North Carolina is among the most celebrated musical states in America — a place that gave the world Doc Watson, Earl Scruggs, Nina Simone, Superchunk, the Piedmont blues, beach music, and more. Beyond the obvious headliners, however, the Old North State has also contributed more than its fair share of mysteries and legends to the wider story of popular music. Here are seven such tales.
In a typical choral performance, singers file onto a stage, climb risers, and arrange themselves by sections; soprano, tenor, bass, and alto singers stand shoulder to shoulder, primed to create collectively a big, beautiful sound known and loved by many. But it’s a tradition that requires two elements that are non-negotiable during the coronavirus pandemic: large gatherings and close proximity to other people. Following a trend directly related to performance cancellations these days, the North Carolina Master Chorale is going virtual.
Presented by Come Hear North Carolina, “Under One Roof,” a three-day, three-hour virtual music festival, raised $50,000 to support artists across North Carolina whose work has been disrupted by COVID-19.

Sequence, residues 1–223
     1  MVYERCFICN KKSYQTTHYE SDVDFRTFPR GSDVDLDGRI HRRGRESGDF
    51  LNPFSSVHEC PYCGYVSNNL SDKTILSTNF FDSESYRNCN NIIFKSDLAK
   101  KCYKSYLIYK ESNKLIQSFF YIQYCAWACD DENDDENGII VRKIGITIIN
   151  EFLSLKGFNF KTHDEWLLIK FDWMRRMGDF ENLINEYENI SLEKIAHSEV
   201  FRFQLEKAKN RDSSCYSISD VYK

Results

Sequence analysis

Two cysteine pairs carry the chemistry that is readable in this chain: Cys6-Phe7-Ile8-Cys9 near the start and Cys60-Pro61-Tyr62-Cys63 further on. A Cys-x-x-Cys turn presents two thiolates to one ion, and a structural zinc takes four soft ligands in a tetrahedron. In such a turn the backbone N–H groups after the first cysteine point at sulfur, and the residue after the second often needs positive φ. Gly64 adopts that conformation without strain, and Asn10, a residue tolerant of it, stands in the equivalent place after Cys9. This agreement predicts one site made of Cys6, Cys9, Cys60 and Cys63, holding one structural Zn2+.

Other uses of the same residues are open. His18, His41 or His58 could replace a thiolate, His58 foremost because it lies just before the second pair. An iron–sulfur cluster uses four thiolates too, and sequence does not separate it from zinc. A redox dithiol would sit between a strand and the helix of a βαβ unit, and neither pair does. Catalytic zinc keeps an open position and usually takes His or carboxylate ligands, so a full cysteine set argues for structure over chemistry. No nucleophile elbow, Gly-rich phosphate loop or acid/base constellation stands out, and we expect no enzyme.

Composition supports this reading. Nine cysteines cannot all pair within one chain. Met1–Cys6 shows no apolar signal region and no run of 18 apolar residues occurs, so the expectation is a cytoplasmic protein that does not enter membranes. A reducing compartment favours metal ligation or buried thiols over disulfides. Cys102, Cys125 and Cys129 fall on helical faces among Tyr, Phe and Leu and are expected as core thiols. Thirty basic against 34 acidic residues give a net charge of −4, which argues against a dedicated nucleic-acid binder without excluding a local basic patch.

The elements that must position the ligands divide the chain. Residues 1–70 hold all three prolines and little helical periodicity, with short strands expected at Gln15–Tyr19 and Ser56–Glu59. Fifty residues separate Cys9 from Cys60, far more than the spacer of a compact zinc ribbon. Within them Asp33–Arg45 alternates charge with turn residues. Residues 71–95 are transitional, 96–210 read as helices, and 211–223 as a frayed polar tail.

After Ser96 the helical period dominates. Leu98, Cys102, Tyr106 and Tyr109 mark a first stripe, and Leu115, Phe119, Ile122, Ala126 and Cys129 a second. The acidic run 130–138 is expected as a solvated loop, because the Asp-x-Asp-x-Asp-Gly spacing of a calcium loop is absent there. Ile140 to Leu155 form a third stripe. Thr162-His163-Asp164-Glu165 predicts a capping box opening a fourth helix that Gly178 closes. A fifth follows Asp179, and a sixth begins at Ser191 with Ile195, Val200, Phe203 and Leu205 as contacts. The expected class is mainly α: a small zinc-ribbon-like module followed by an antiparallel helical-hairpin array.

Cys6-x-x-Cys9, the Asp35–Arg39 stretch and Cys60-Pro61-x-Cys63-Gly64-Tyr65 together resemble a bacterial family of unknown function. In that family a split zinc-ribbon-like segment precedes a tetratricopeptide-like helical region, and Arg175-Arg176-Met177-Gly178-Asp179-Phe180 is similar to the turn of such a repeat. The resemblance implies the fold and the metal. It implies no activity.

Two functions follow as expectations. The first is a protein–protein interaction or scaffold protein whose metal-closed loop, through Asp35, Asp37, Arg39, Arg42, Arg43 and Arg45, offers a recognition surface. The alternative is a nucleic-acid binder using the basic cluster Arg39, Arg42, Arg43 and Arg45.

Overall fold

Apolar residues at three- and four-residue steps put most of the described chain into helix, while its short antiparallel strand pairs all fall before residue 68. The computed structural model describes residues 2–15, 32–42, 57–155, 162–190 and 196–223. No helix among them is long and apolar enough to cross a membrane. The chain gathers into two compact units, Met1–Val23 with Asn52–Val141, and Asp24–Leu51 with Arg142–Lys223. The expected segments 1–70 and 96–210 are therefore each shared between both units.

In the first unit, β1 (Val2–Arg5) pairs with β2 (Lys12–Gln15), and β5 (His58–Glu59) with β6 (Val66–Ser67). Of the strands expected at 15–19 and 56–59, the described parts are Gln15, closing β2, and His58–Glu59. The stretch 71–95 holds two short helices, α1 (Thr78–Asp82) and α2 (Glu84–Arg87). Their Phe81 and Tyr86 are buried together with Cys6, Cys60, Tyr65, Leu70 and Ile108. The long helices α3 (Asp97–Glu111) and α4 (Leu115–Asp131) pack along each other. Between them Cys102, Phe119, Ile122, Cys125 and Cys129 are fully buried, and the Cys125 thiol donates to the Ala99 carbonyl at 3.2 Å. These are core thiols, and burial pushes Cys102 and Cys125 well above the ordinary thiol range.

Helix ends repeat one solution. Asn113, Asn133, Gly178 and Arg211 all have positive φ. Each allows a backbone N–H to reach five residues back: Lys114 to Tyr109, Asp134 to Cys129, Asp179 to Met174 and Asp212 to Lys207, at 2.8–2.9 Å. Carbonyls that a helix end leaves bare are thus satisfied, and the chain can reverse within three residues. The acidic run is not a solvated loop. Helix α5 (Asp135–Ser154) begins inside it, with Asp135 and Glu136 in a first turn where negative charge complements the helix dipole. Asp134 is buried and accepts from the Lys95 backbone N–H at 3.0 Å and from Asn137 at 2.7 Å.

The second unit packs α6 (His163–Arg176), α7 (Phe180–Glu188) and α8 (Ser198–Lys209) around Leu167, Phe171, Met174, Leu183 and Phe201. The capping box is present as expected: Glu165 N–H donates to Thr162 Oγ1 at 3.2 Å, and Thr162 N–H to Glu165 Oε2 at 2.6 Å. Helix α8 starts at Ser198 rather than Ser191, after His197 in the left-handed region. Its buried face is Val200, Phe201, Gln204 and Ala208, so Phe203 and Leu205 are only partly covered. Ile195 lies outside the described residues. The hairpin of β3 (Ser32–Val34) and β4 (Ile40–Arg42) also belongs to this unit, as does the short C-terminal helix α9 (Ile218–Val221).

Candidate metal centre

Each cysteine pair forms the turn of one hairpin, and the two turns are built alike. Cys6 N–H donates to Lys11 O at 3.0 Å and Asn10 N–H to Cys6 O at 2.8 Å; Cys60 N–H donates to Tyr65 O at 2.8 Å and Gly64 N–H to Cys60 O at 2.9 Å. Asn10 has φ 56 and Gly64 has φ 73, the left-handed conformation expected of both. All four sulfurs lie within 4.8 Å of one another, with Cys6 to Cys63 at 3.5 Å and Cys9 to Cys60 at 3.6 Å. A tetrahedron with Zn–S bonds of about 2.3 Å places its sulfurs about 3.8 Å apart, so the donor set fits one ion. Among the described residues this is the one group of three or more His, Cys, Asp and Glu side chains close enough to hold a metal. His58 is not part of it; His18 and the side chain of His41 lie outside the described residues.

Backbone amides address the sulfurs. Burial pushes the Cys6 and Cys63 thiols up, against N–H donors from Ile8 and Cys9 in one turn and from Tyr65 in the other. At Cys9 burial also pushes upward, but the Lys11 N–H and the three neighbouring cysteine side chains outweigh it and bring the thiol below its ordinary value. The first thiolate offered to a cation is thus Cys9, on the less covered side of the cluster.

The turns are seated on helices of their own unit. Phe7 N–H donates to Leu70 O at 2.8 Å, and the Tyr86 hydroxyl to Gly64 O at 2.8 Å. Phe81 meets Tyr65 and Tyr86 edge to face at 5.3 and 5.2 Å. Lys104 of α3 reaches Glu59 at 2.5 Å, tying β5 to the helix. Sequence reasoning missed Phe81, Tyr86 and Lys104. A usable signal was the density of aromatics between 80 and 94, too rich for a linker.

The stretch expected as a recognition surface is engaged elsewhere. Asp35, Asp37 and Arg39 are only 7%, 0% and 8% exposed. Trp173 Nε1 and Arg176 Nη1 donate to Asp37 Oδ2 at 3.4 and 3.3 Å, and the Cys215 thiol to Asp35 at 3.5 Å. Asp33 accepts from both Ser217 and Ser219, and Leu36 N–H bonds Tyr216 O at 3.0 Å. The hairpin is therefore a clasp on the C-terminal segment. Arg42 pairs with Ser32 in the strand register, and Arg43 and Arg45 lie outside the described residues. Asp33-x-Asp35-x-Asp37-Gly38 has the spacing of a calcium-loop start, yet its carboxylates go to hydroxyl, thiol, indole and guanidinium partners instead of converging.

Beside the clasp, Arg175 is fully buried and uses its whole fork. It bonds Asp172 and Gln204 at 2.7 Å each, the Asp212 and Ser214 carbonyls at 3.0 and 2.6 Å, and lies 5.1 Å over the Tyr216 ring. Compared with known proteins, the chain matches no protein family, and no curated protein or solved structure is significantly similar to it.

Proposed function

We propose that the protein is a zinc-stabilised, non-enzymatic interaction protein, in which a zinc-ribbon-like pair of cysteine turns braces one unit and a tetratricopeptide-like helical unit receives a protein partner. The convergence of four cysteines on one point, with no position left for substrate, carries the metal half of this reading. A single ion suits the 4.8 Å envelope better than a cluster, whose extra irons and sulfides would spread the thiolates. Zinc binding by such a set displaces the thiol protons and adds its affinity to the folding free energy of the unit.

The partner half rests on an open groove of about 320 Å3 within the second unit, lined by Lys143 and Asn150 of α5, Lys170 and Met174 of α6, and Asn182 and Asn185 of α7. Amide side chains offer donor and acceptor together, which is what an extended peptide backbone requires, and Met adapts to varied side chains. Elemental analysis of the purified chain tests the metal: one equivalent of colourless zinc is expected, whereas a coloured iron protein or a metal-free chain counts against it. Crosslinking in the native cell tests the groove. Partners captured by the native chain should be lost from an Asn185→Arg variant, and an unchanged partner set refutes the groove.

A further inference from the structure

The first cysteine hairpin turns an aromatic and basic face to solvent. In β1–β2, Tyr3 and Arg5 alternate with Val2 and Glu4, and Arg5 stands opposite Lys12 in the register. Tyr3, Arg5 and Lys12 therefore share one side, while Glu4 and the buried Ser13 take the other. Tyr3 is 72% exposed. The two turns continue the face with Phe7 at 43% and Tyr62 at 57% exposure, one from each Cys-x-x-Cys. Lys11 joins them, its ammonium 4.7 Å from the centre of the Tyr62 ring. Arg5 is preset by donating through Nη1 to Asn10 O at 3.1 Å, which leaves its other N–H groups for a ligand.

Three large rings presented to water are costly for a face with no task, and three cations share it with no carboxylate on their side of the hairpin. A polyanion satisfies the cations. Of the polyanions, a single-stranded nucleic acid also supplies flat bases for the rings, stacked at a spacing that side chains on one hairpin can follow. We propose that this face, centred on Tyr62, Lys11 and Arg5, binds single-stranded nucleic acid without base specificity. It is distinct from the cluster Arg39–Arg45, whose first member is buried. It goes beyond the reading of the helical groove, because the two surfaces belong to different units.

To varying degrees, everyone involved in North Carolina’s music community is trying to figure out what to do to deal with life coming to a full stop. Stages are dark; clubs and record stores are closed; tours are canceled.
There’s an old joke in western North Carolina: if you get five folks together in Madison County, a concert is likely to break out; three of the group will play, and the other two will dance. And it’s pretty much a lead-pipe cinch that one of those musicians will be playing a fiddle.
The Come Hear North Carolina campaign gives artists a chance to celebrate the state in song. And few have embraced that opportunity like Steep Canyon Rangers. The Grammy-winning bluegrass quintet from Brevard —inducted in the North Carolina Music Hall of Fame, in Kannapolis, in 2017 — covers many of the state’s musical traditions on their latest album, “North Carolina Songbook” (Yep Roc Records).
Brooke Simpson, a Haliwa-Saponi vocalist, songwriter, and finalist on NBC’s hit talent-competition show “The Voice,” is the latest North Carolina musician to take part in Come Hear North Carolina’s series “In the Water.”